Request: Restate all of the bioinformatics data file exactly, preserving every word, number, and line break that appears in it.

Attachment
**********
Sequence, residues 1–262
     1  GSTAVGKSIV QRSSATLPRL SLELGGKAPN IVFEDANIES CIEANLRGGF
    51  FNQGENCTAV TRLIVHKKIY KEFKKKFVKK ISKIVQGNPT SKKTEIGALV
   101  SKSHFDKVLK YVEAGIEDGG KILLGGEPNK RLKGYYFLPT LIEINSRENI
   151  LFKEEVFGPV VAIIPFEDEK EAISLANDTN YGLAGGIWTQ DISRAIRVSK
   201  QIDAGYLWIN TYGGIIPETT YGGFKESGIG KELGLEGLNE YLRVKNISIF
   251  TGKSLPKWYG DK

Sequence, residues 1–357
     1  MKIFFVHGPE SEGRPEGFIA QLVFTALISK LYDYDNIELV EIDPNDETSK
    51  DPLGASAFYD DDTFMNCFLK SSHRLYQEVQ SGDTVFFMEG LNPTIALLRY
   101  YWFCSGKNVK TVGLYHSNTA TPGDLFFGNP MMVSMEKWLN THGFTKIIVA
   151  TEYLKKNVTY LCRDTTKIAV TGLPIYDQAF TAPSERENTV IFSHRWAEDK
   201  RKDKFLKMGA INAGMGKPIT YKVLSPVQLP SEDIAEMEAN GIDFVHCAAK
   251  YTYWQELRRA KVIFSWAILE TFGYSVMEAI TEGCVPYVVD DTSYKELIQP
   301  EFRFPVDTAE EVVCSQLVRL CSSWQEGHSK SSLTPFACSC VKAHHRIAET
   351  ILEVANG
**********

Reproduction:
Sequence, residues 1–262
     1  GSTAVGKSIV QRSSATLPRL SLELGGKAPN IVFEDANIES CIEANLRGGF
    51  FNQGENCTAV TRLIVHKKIY KEFKKKFVKK ISKIVQGNPT SKKTEIGALV
   101  SKSHFDKVLK YVEAGIEDGG KILLGGEPNK RLKGYYFLPT LIEINSRENI
   151  LFKEEVFGPV VAIIPFEDEK EAISLANDTN YGLAGGIWTQ DISRAIRVSK
   201  QIDAGYLWIN TYGGIIPETT YGGFKESGIG KELGLEGLNE YLRVKNISIF
   251  TGKSLPKWYG DK

Sequence, residues 1–357
     1  MKIFFVHGPE SEGRPEGFIA QLVFTALISK LYDYDNIELV EIDPNDETSK
    51  DPLGASAFYD DDTFMNCFLK SSHRLYQEVQ SGDTVFFMEG LNPTIALLRY
   101  YWFCSGKNVK TVGLYHSNTA TPGDLFFGNP MMVSMEKWLN THGFTKIIVA
   151  TEYLKKNVTY LCRDTTKIAV TGLPIYDQAF TAPSERENTV IFSHRWAEDK
   201  RKDKFLKMGA INAGMGKPIT YKVLSPVQLP SEDIAEMEAN GIDFVHCAAK
   251  YTYWQELRRA KVIFSWAILE TFGYSVMEAI TEGCVPYVVD DTSYKELIQP
   301  EFRFPVDTAE EVVCSQLVRL CSSWQEGHSK SSLTPFACSC VKAHHRIAET
   351  ILEVANG